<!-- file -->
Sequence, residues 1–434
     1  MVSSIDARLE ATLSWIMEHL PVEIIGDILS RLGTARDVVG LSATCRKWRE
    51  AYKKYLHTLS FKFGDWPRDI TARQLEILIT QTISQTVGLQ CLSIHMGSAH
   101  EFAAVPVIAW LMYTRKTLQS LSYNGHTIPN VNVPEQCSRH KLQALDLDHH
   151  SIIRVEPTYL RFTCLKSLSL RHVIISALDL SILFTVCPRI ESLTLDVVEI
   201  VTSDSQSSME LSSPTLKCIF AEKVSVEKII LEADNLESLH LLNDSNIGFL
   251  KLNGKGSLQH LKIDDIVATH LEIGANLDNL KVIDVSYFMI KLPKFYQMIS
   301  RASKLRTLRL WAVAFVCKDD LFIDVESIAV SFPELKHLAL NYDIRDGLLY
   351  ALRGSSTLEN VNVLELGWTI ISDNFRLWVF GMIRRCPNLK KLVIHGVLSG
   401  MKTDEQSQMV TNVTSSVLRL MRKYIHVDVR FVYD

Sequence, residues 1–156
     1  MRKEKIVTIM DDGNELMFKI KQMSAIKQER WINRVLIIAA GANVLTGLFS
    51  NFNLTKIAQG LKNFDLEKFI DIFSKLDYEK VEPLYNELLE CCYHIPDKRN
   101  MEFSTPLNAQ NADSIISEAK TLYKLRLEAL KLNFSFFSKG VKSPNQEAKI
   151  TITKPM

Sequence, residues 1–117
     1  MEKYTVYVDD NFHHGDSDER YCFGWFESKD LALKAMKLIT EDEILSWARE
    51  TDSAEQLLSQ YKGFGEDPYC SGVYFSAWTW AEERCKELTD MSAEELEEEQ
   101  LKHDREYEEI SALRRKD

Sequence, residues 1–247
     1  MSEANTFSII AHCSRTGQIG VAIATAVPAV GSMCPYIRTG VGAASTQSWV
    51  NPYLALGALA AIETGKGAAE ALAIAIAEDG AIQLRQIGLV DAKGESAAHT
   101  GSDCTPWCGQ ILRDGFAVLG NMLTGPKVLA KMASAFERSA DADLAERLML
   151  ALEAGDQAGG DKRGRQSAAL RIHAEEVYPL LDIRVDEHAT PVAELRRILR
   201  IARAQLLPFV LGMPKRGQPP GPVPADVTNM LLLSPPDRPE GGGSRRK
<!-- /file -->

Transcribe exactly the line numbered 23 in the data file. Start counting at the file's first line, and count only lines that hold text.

   101  GSDCTPWCGQ ILRDGFAVLG NMLTGPKVLA KMASAFERSA DADLAERLML